Her other mentor, Andrew Marchese, taught her about modeling and simulation. “Andy is brilliant and skillful in just about every domain of robotics manipulation,” she said. “Having the opportunity to learn from him has been key and he is a major reason behind my transition into the science world.”
That transition has proved fruitful for Amazon. “Erica has a profound ability to advance understanding through methodical experimentation and careful analysis. She's continually breaking down ambiguous problems into testable hypotheses — a true embodiment of the scientific process,” says Marchese.
Aduh’s team is currently focused on advancing how robots transport and move packages. She’s developing the analytical models for robotic item manipulation — that includes both physics and robotics system modeling. “That could be anywhere from physics calculations that describe a component of a robotic work-cell to programmed simulations that model the full robotic system,” she explains.
Working with her team, she develops those models within a simulation platform. She also works with a high-fidelity physics simulator, developing models there, too. “I also create simulations of my own to be able to answer high level business questions and communicate my findings to leaders and coworkers using white papers,” Aduh says.
That can take her out of the workcell systems and into the floor-level simulations, which can be used to examine how throughput is affected by one approach versus another. The ultimate goal is to reliably and safely get packages where they need to go.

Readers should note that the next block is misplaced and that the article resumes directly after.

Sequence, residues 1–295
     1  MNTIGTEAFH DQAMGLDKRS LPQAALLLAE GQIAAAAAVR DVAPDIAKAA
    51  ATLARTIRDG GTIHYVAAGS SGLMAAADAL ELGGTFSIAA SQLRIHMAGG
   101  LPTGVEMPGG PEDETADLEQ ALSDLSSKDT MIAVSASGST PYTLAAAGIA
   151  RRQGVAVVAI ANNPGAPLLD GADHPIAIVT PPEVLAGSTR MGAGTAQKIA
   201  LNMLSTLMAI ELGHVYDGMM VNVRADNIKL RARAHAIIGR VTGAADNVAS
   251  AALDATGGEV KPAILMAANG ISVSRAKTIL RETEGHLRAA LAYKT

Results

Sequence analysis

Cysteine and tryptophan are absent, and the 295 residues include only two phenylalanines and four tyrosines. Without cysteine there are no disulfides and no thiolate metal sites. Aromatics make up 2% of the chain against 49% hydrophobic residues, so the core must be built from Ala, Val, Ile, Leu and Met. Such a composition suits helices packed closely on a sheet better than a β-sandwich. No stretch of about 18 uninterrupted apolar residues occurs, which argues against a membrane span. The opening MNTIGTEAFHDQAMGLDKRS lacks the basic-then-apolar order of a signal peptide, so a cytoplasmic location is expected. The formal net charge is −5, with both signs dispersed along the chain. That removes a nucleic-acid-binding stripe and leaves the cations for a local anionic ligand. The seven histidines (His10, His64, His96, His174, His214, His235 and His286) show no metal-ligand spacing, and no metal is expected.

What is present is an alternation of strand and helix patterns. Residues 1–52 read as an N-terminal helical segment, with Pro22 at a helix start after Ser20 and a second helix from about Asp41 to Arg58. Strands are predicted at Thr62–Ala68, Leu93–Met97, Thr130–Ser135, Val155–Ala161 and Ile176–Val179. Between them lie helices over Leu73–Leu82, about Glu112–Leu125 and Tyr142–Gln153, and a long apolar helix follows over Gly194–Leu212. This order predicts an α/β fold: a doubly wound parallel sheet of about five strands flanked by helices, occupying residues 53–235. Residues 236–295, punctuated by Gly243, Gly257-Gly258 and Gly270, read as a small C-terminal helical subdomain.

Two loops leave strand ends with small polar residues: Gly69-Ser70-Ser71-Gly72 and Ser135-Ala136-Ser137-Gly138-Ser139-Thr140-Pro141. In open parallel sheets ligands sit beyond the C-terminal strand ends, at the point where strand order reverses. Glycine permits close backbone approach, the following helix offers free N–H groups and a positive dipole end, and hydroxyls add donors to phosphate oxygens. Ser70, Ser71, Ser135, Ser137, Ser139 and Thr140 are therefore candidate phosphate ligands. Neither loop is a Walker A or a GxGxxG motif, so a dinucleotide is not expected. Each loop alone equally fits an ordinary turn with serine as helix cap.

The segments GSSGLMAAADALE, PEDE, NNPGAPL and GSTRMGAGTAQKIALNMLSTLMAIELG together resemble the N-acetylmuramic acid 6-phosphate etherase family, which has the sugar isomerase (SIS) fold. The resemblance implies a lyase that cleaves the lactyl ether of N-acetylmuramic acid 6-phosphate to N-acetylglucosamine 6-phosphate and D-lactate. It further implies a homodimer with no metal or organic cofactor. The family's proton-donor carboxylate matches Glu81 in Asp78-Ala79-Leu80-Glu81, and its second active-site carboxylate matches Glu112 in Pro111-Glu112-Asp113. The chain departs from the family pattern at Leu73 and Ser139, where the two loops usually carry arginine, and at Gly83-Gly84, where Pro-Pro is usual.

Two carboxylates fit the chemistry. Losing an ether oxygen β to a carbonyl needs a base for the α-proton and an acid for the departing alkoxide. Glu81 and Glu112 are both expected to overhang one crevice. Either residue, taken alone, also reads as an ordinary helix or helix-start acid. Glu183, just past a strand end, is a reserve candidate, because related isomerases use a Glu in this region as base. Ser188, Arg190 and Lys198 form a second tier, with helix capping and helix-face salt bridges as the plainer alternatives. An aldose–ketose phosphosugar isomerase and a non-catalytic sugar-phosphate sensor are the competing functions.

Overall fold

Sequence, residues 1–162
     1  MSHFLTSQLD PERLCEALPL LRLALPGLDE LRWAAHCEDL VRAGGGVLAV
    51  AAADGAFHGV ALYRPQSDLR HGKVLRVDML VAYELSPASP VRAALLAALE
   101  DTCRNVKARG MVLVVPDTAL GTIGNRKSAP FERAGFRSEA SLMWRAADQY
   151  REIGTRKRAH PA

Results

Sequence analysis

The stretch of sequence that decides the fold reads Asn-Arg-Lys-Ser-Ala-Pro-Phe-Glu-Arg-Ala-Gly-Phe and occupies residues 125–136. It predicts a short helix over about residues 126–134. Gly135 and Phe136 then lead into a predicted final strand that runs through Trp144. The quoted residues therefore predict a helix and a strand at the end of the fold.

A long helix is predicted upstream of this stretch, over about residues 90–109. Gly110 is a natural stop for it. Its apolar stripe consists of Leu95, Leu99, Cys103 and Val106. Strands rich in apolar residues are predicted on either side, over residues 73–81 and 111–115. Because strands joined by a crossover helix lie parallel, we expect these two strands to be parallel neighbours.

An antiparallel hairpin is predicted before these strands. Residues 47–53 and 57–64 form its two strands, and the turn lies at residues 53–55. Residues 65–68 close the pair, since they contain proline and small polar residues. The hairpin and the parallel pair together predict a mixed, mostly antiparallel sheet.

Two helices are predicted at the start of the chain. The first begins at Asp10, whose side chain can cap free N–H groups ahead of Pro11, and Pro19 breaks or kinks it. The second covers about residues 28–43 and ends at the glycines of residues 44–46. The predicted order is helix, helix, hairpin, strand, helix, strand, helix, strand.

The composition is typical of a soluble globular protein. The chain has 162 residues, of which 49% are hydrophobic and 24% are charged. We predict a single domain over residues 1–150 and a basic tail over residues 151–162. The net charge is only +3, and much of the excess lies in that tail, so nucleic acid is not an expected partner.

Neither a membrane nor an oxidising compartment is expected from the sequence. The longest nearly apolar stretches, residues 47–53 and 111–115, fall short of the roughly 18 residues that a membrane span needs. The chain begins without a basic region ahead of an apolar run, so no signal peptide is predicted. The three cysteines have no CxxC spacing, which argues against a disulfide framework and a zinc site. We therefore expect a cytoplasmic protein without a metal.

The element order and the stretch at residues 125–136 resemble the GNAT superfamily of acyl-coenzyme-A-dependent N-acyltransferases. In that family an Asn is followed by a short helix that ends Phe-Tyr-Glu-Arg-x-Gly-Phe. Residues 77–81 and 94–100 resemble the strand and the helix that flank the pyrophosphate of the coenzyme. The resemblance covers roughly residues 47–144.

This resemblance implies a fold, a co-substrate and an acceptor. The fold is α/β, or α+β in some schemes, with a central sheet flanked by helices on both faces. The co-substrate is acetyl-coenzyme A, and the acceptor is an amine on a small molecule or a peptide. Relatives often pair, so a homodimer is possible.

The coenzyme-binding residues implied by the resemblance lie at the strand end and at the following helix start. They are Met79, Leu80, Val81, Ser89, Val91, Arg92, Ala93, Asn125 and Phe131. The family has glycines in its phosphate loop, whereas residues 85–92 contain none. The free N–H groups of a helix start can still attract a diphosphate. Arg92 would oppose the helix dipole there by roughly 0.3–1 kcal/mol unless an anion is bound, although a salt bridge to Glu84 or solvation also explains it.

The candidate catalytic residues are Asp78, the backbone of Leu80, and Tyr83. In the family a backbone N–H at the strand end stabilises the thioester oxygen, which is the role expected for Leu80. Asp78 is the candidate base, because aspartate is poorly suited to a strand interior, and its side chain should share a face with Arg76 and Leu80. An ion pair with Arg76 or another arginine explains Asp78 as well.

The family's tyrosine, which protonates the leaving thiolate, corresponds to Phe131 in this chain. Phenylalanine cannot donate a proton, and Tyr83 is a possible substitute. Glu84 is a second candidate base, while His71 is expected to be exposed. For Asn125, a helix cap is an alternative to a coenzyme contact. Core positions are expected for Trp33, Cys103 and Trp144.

Aduh writes her scripts in Python or MATLAB, since she’s just creating the models to describe systems, but she also sometimes applies her ideas to a real robot (both to develop intuition and validate her models). Though the COVID-19 pandemic precluded her from going into the office and working on real robots for much of 2020, she found an alternate approach. Her workaround: watching videos of the robots performing the specific movements she was working on to build intuition, and then to later use robots for the validation tests.
“The ability to go from a simulation to the real world is critical,” noted Parris Wellman, vice president of engineering and robotics at Amazon Robotics. “It has a significant impact both on our organization and its ability to put out really cool stuff. It allows us to take smart software engineers and scientists and let them learn how to do robotics without a lot of risk.”
For anyone interested in following in Aduh’s footsteps, she says finding good mentors has been “incredibly critical” to her success. “Through them, I was able to learn and get their feedback and thoughts on the correct approaches to use in ambiguous problems — they were just incredibly helpful,” she says.
Aduh’s creative way of attacking problems has also made her an asset to Amazon.
“Since I've known her, Erica has been drawn to really murky problems — areas the business wants to head, but where our technologies and/or solutions are unproven,” says Marchese. He says her ability to ask and answer hard questions “influences where our manipulation technology goes next. She's rigorous in her scientific exploration, but timely in her delivery of results.”
In addition to mentors, Aduh says it’s also important to be comfortable working outside what you already know. “Much of the time I feel as though I'm working on things that are outside of my comfort zone,” says Aduh. “And that's how I've been able to grow.”